Anyhow, this is a very interesting book, and well worth reading. It gives lots of good ideas, and if you only implement one or two of them, it will be well worth the purchase price.

Thursday, September 16, 2010



The Importance of Manners

The biggest single thing you can do to increase your enjoyment of the children you care for: teach them manners. I never realized how important manners were to me, until I suddenly started working in a room with nine two-year-olds. It was completely clear to me: the children who were polite were enjoyable to be around, and the children who were not polite grated on my nerves.

Not only do manners make our children more enjoyable to us, but having manners is an important skill for them to get along successfully in the world. Pleases, Thank Yous, and Excuses Me's are the lubricants that help social interactions run smoothly. Stopping to ask someone who's crying if they're alright is not only polite, but it helps develop empathy. Learning how to ask for help in ways that people want to say “Yes” to, is a skill that will serve the children in your care for the rest of their lives. Many people are lax with teaching young children and manners, especially with two-year-olds. I'm not sure why this is; perhaps they think they're “too young”? But manners are a way of talking and a way of being, and after spending time with lots of toddlers, I believe that they should be taught as children learn to talk. There is no tyrant worse than a two-year-old tyrant, unless it is a three- or four-year-old tyrant!

One of the stumbling blocks is that parents often think that manners are something that children will just “pick up” on their own. While many children do eventually pick them up (if they see manners around them and manners are expected from them in return), the process can go much more smoothly and enjoyably if manners are taught as a skill. They are a social skill, and teaching our children this skill will help us all.

How to teach manners

-Children learn primarily through imitation, and through action. Therefore:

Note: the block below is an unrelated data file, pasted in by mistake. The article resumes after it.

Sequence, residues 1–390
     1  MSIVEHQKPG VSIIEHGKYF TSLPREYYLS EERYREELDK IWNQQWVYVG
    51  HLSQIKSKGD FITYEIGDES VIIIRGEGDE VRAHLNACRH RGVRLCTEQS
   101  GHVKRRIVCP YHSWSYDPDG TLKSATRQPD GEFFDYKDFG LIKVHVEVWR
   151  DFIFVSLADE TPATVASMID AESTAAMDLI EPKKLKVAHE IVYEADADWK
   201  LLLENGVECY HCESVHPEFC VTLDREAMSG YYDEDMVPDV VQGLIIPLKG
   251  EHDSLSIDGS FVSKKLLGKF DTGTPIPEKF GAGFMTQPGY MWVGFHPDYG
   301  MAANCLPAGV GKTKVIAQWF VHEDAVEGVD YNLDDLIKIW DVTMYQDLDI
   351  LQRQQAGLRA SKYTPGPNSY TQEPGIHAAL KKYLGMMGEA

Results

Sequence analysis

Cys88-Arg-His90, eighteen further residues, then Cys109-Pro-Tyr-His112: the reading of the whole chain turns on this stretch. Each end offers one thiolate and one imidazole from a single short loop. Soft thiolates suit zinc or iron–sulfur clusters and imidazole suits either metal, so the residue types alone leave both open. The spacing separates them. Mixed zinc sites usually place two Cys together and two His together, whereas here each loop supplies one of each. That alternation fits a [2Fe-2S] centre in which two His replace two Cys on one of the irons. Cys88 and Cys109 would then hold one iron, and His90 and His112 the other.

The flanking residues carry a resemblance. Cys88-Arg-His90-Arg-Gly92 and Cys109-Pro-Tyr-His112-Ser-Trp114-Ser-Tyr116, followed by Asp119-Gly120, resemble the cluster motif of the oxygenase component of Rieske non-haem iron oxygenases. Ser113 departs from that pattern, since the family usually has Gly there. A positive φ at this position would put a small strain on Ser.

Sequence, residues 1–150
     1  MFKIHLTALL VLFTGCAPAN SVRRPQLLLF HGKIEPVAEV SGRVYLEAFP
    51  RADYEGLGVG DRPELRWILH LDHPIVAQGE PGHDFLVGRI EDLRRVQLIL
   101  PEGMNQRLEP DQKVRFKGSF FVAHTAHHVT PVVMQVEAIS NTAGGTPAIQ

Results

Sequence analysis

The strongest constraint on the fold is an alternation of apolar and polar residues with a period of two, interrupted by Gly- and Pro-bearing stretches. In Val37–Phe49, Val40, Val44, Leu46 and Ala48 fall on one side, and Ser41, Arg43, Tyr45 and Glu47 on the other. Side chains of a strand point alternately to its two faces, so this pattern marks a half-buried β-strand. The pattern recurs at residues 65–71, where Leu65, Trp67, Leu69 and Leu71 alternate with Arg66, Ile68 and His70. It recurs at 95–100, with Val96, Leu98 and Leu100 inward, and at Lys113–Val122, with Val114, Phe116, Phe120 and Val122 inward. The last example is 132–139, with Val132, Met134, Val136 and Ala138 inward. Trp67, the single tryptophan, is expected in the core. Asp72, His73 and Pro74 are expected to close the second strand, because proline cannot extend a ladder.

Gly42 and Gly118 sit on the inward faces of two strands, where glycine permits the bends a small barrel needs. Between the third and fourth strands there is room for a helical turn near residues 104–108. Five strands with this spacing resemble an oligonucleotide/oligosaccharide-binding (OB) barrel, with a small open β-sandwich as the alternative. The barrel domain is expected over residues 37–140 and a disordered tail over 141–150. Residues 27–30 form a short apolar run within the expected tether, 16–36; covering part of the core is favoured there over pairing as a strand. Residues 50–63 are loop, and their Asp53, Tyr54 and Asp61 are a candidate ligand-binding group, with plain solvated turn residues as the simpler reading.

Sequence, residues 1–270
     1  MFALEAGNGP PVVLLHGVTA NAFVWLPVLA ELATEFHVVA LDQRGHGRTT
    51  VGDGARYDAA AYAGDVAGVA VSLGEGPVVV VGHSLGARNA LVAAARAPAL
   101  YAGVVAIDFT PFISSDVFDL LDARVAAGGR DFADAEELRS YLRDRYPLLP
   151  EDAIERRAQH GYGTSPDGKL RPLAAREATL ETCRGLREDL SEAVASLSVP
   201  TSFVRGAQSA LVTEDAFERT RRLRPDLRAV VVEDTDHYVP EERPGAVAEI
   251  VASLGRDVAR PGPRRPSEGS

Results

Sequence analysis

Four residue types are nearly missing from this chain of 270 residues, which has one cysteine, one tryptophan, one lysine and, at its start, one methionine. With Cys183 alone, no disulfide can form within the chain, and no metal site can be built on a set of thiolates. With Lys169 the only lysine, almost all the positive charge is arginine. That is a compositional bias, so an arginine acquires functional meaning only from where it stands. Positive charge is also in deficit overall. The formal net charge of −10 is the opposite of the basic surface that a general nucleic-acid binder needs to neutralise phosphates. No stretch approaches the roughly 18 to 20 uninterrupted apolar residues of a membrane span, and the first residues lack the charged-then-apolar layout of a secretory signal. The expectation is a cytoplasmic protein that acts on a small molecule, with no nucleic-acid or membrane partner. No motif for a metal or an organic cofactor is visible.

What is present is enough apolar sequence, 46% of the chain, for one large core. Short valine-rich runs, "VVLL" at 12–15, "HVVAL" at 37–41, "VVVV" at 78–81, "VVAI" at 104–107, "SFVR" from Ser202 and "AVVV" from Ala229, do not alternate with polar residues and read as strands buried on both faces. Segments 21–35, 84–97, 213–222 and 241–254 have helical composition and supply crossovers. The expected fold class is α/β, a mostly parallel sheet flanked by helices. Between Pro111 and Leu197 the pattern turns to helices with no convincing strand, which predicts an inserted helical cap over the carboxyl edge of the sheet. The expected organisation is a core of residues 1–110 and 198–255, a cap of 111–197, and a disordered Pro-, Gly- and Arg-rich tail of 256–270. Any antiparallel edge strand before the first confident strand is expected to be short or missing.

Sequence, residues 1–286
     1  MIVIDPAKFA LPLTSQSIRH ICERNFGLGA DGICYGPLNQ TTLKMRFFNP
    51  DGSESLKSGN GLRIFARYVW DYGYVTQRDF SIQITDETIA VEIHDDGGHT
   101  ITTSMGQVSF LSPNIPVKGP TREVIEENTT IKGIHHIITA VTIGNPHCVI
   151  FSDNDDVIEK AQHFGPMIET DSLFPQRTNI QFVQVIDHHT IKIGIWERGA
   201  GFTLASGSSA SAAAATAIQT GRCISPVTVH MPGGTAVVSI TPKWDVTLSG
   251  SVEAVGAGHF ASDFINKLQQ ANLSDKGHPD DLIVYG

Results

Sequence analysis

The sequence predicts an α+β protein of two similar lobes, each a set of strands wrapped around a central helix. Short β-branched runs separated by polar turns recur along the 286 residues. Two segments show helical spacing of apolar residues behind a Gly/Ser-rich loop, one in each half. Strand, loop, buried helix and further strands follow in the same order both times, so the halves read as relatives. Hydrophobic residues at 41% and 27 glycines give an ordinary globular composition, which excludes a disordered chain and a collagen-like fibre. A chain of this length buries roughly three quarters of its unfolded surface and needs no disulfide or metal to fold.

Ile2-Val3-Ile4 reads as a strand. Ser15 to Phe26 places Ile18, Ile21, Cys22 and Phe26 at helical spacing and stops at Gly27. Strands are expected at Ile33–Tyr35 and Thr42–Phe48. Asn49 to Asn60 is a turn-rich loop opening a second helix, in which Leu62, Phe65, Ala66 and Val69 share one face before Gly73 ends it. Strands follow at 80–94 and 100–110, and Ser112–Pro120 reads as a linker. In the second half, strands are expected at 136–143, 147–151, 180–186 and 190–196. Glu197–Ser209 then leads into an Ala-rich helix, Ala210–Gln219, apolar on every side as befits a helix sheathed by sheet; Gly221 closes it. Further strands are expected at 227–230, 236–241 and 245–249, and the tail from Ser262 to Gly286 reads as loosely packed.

Through Imitation:
-Be sure that you use the manners that you'd like to see, both with your child and with other adults and children you interact with (for instance, saying “excuse me” is much more polite than saying “watch out” if a child is in your way).
Through Activity:
-Expect your child to use manners.
-When a child fails to ask for something politely, simply say the words you wish they were using: “May I have some more, please?” Chances are they will repeat them after you, in the exact tone of voice. There doesn't need to be any discussion about it. For two-year-olds, I make the phrases very simple: “More, please!” For three- and four-year-olds, I use the “very-polite-way” of asking: “May I have some more, please?”
-When they do ask for something politely, you can let them know the effect:
Child: “May I have some more, please?”
Adult: “Yes! When you ask so politely, I'm happy to give you more.”
-When a child gets to the point where he remembers to ask politely much of the time, you can make a game out of remembering. I have a boy in my class, Devin, who is almost 4. About half the time he remembers to say “More please!” but the other half, it comes out as a demand: “More!” I'll look at him, and gasp. This usually elicits a laugh, and is often enough to remind him to quickly squeeze out a “Please!” If it's not, I'll gasp again and pull on my ear, looking at him expectantly. If he STILL doesn't remember, I'll say, “I hear you asking, but I'd prefer to hear you ask the VERY polite way.” If he STILL can't get it out, which sometimes he can't, especially if we're being silly, then I'll cue him: “May I have some more, please?” Usually at this point he'll sit up and say it, but sometimes, if we're very silly or very grumpy, he still won't say it. At that point, I'll say, “I can tell you're thinking it.” As I serve him some more, I'll say, “I bet next time you'll remember to say it, maybe even all on your own.”

NOTE: It's important not to make it into a power struggle where a child has to do it because you want him to; rather, it should just be something that is generally expected. When they fail to do it, simply set up the vision of them being successful at it the next time, and move on.

I'll talk more about other types of manners later: Helping children ask for help is a big one, and what to do with a whiny child, and child-to-child manners (sharing, etc.).